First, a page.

On an admittedly quick glance, the DOE Report makes the same move as the Catholic League study. It focuses on "sexual misconduct," broadly defined to include "physical, verbal, or visual. Examples include touching breasts or genitals of students; oral, anal, and vaginal penetration; showing students pictures of a sexual nature; and sexually-related conversations, jokes, or questions directed at students." Again, the study throws sexual harassment, sexually charged conversations, and sexual relations between teachers and 17 1/2-year-old high school students (all of which I could see being more frequently targeted at girls, and probably older girls, than boys) into a discussion of pedophilia. All of this is a serious social problem, but it is a very different social problem than true pedophilia.

Ann Bartow

Howard, the issue Dan raised was background checks for law students GOING INTO HIGH SCHOOLS. I don't know how you define "true pedophilia" but if you mean sexual abuse of prepubescent children, I don't know why that is relevant to Dan's post, or the concerns Tracy raised, which again pertain to high school.

Howard Wasserman


That actually proves the basic point of Dan's post--the fingerprinting policy reflects a moral panic over pedophilia ("pedophilia panic" in Tracy's words). It is a policy that does nothing to remedy the core problem and creates administrative hassles (as Dan's students seem to be experiencing). Note, by the way, that if the concern is sexual harassment and sexual relations between a teacher/tutor and an above-the-age-of-consent high school student (as Tracy describes), fingerprinting and criminal background checks in all likelihood do no good. That conduct is not criminal, so past incidents will not necessarily appear in the background check. And the people who might have histories of sexually abusing young/pre-pubescent children likely are not the same people who would sexually harass or become involved with older high schoolers.

Ann Bartow

Howard, you make a lot of generalizations that I do not think are supportable. I have already agreed that background checks may not catch many potential bad actors. But if someone with a criminal history of sexual abuse is allowed to coach moot court and then offends again, I wouldn't want to be in the shoes of the school administrator who waived the background checks.

Sexual contact between high school students and their teacher is illegal in many jurisdictions regardless of whether the student has reached the "age of consent," which you can ascertain yourself by doing some research. See e.g.

Students as young as 13 attend high school, and the statistics on how many female students become pregnant by their teachers is staggering, and that is only a fraction of the number of students who have sexual contact with teachers, coaches etc. See if you can get the data on your own school district - if you can, I'd bet you are in for a rude awakening. The large urban school district where I live dismisses dozens of faculty and staff members for "inappropriate student contact" every year, and research suggests we are not outliers in that regard.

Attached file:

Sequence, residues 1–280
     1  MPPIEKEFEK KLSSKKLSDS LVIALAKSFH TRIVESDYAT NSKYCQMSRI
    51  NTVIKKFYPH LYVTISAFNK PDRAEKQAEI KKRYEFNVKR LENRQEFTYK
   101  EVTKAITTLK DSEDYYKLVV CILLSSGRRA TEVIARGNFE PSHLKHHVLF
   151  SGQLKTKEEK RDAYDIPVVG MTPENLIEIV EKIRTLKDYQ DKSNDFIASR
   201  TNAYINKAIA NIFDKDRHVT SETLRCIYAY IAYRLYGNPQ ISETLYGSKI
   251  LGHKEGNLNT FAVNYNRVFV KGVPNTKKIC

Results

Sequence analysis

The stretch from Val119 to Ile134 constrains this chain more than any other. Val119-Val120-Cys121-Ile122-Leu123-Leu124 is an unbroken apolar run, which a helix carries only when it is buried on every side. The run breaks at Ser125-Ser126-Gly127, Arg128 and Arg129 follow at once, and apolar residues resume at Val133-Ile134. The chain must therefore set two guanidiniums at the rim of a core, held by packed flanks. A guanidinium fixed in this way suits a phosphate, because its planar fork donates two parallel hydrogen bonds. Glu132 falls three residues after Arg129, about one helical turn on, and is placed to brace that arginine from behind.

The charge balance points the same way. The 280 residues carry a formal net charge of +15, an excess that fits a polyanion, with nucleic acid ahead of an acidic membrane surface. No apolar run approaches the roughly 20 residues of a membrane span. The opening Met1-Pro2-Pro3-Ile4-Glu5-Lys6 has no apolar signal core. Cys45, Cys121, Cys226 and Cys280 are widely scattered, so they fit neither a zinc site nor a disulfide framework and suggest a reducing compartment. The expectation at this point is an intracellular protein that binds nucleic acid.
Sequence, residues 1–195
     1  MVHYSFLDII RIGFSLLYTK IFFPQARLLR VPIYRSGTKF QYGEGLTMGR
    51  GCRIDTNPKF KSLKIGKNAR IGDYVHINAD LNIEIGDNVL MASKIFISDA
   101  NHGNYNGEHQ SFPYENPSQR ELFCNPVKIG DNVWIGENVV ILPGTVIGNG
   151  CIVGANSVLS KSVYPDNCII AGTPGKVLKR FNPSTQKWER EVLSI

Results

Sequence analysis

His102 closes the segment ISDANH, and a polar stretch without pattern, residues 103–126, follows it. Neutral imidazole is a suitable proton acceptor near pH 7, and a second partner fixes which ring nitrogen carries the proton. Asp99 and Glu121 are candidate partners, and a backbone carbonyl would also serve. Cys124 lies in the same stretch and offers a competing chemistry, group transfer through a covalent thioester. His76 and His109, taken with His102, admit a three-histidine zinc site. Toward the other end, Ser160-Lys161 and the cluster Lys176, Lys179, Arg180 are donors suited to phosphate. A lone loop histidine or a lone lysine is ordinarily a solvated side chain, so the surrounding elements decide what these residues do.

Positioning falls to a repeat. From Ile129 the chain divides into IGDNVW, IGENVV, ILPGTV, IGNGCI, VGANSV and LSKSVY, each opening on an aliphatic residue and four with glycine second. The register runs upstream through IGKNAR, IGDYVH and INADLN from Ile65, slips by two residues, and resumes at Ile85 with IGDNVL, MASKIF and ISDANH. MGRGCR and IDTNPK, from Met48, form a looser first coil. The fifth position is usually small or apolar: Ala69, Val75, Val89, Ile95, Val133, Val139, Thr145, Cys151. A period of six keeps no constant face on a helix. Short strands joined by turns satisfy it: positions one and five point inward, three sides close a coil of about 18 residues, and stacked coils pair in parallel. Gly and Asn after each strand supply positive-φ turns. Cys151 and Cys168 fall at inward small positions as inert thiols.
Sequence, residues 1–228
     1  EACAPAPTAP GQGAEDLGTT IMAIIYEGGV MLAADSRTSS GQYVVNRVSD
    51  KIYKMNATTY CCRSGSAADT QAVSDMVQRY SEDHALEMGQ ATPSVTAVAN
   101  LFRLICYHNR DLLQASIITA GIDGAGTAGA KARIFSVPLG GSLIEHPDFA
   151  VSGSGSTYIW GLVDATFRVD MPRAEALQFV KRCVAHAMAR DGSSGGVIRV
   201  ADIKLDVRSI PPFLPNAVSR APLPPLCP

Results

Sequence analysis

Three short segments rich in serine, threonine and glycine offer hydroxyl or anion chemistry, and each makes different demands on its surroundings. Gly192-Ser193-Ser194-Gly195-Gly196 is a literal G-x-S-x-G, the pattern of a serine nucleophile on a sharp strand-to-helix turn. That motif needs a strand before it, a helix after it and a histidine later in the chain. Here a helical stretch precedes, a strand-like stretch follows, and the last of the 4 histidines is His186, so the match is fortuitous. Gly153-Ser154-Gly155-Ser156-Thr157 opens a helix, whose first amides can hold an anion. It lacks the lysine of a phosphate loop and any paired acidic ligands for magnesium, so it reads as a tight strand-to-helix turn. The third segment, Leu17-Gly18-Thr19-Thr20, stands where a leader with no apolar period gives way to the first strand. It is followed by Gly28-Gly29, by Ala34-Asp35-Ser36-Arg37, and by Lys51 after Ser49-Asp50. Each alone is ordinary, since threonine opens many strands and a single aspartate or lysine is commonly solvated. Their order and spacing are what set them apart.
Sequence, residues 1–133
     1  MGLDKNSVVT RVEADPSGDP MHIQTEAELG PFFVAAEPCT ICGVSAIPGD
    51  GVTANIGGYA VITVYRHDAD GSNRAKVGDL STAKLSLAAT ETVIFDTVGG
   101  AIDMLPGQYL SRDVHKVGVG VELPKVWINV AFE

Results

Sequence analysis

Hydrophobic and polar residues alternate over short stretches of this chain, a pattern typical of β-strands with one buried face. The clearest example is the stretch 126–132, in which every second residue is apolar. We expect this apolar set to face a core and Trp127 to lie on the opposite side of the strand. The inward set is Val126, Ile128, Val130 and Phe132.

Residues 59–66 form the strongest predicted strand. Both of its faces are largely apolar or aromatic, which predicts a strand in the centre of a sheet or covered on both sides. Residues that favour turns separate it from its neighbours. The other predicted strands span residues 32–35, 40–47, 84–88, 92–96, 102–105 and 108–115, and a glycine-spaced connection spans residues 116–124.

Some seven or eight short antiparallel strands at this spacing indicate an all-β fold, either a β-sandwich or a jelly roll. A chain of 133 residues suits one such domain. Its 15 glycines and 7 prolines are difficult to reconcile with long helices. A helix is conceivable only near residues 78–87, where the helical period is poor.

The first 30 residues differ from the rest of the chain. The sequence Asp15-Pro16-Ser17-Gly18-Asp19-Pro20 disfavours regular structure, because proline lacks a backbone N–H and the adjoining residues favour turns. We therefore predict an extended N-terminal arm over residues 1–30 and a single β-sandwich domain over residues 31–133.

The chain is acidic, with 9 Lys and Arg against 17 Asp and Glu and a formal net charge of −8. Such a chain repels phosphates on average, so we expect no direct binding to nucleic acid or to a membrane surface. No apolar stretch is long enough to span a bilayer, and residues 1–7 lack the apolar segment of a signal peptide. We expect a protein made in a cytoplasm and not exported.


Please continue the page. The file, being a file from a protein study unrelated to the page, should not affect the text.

Incidentally, background checks would be a bit better at preventing repeat offenses if there wasn't such a marked tendency toward cover ups, see e.g.



I came here from Corey's blog, where I comment frequently. I just have to say that the comments by the women here strike me as, well, incredible. This is high school we are talking about which means no kids under 12 years old. I could understand if this was elementary, but high school??? Seriously, your 12 year old daughter is not a "precious snowflake". Get out of helicopter mode. By the time she is 12 she should be able to handle herself on this issue, seriously. I have two nieces that age and they can take care of themselves quite well, thank you.

The larger issue here is not pedophiles. It's lousy parents wanting to dump their failures on schools. Sure kids have diminished judgment; but by the time they are in high school they should have some judgment. Enough judgment that you don't get into the van with the "Free Candy" sign. All the school is doing is trying to protect itself from lawsuits because people like Ann and Tracey will sue them because they never taught their daughter how to say "no".

Sorry, gals. I think your emotional reaction is all out of proportion to the facts, and frankly common decency.

Brian Cavner

This strikes me as a classic "damned if you do, damned if you don't" situation.

On one hand, the "pedophile panic" is clearly alive and well. While an appropriate level of fear is acceptable for any crime, there comes a point when people are inundated with such a volume of scare tactics that they become "too afraid". That there is such a volume of sexual harassment of pupils by teachers indicates that background checks are insufficient in dealing with the problem. If we accept that a full 82% of female students are sexually harassed before graduation by people who have (presumably) also been background checked, how effective is this procedure really in protecting children? To subject volunteers to the same treatment lowers volunteer willingness and forces unnecessary expense, but yet seems to do nothing to minimize the risk.

On the other hand, though, imagine the outcry if something did happen and it turns out that the school did nothing to screen volunteers. Background checks may do nothing to address the problem, but at least it helps to shield the school somewhat from liability if a student does become victimized.

There seems to be no real good short-term solution, unfortunately.